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Gubernatorial candidates in Missouri are fighting over who can cut the size of government the most. Republican candidate Matt Blunt proposed putting a freeze on government cell phone and non-emergency vehicle purchases, eliminating the state’s Washington lobbying office, and consolidating over a thousand information technology jobs. Claire McCaskill, contender for the Democratic gubernatorial nomination, offered 600 audits for the state government and advocated changes to the state’s Medicare program. Incumbent Democratic Governor Bob Holden claimed that he cut government a significant amount during his first term, but he also proposed “higher taxes on tobacco, casinos and the wealthy and the elimination of ‘tax loopholes.’” (AP 3/4/04) Blunt went the furthest towards shrinking government by proposing an end to collective bargaining rights for public employees. McCaskill, on the other hand, promised to give out pay raises.
On Tuesday, March 2, the Missouri House of Representatives spent almost five hours on a bill reforming medical malpractice lawsuits. The bill would limit where lawsuits can be filed and the amount that can be awarded. Non-economic damages were originally capped in the state at $350,000 by a 1986 law, but the inflation adjustment built into the legislation caused that cap to rise to $565,000. This bill, after being amended by Republican lawmakers, caps non-economic damages at $350,000 without an inflation adjustment. (AP 3/3/04) Dr. Curtis Cox, the only neurosurgeon in the state capital of Jefferson City, testified at a news conference that premiums are rising 100 percent a year. This is partially due to a Missouri Supreme Court decision that allowed judges to multiply the effects of negligence, creating awards that were larger than insurance companies predicted. Missouri is now on the American Medical Association’s list of 19 liability crisis states. (Kansas City Star, 3/07/04)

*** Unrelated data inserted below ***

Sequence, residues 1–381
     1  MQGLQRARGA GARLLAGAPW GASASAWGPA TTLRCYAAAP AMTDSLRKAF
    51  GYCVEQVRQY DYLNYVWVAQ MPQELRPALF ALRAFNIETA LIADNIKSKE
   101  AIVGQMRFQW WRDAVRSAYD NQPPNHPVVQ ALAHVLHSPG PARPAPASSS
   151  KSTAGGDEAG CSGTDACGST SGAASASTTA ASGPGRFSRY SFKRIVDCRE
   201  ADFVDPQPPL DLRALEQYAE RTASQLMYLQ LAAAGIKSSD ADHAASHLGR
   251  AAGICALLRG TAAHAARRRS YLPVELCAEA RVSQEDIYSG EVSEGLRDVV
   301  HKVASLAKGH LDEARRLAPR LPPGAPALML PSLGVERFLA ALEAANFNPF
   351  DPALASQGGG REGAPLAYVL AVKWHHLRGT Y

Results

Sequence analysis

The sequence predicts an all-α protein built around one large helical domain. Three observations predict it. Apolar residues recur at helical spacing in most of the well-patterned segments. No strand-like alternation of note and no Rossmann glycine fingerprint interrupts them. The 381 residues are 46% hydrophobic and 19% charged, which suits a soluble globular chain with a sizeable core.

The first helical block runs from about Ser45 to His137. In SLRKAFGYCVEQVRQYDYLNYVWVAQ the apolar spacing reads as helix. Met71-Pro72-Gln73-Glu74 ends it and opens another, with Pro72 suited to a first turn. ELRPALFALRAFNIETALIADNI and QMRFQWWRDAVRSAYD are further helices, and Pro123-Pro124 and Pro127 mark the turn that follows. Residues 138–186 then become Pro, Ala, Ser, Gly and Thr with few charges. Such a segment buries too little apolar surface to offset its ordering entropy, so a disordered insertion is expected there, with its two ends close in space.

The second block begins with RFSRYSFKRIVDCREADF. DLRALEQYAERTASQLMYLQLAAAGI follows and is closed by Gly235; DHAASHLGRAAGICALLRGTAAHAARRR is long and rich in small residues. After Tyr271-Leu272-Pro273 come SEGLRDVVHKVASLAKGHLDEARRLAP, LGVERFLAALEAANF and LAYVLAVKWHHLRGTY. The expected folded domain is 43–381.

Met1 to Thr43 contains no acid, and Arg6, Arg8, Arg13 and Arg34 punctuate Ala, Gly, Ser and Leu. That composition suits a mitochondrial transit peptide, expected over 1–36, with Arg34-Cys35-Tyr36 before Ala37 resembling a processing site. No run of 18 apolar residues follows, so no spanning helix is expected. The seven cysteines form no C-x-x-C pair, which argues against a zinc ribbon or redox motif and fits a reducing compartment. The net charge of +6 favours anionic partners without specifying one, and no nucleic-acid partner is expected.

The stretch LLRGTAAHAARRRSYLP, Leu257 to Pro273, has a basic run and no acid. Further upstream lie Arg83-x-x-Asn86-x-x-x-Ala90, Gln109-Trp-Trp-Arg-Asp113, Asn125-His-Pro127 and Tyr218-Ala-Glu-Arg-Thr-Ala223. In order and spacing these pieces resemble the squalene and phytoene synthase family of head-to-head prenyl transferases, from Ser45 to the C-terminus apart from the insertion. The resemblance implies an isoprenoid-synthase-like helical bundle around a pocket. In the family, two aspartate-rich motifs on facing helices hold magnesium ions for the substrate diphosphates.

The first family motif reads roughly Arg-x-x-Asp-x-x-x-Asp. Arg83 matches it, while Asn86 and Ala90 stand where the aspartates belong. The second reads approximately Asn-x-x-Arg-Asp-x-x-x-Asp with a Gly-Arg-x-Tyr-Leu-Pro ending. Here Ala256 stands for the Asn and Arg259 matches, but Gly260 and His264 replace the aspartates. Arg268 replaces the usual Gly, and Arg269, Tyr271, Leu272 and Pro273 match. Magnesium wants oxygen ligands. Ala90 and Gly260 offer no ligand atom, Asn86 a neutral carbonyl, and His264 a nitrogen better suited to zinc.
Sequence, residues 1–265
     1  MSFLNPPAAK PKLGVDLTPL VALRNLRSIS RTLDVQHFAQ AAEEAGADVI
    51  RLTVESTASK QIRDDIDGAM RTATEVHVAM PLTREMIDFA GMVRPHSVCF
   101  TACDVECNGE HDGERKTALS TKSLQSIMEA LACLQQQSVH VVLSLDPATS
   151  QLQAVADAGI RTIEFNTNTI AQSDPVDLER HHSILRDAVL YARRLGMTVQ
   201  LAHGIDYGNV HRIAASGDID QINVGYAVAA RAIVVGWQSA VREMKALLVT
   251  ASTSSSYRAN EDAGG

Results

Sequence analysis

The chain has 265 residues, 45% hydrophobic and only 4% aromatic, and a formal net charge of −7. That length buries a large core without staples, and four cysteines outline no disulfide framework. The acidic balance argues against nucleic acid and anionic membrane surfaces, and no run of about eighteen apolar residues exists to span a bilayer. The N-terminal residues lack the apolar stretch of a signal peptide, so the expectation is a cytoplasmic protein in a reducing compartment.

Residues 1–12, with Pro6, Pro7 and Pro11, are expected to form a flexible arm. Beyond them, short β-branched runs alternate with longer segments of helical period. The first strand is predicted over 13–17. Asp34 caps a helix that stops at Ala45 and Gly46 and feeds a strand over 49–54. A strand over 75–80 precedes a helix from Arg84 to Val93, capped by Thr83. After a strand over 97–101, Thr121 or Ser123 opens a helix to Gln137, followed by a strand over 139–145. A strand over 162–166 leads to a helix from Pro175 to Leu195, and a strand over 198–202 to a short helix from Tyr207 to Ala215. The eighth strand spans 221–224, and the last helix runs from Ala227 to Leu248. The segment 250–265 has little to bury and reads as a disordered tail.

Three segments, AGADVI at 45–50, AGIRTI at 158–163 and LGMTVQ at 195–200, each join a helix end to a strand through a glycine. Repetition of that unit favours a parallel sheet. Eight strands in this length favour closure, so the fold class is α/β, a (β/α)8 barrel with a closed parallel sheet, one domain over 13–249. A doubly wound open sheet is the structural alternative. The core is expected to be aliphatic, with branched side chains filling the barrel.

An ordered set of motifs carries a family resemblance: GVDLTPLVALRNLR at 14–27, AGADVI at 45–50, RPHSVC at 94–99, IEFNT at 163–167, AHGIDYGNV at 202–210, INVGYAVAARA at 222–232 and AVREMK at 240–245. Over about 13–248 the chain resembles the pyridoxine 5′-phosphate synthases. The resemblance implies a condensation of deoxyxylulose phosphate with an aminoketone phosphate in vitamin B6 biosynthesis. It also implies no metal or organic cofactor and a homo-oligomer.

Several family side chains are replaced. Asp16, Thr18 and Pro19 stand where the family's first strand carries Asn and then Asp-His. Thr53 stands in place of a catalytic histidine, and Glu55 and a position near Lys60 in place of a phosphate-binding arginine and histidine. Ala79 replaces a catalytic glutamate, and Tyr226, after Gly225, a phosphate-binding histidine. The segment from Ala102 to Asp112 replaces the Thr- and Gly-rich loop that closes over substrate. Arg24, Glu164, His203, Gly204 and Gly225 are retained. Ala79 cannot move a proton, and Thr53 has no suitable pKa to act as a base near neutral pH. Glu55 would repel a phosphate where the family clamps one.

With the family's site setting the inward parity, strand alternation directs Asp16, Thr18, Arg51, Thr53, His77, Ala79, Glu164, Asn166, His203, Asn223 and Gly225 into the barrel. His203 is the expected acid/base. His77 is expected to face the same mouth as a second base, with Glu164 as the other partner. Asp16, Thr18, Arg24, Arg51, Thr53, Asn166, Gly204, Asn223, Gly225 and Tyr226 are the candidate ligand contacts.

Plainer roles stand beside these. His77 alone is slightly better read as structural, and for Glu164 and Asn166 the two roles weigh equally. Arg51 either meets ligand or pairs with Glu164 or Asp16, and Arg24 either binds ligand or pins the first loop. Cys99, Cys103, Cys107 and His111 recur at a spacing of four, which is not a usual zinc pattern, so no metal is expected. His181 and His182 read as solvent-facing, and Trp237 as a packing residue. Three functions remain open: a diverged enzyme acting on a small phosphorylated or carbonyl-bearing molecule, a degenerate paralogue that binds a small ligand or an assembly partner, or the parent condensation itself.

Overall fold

Republican State Senator Anita Yeckel is sponsoring a bill to repeal the constitutional prohibition on state funding of religious schools. The prohibition, called a “Blaine Amendment,” was adopted by 37 states. Critics of the amendment contend that it is rooted in anti-Catholic bigotry. St. Louis schools now spend over $11,000 per pupil, but there has been little increase in the quality of education. (2/24/04)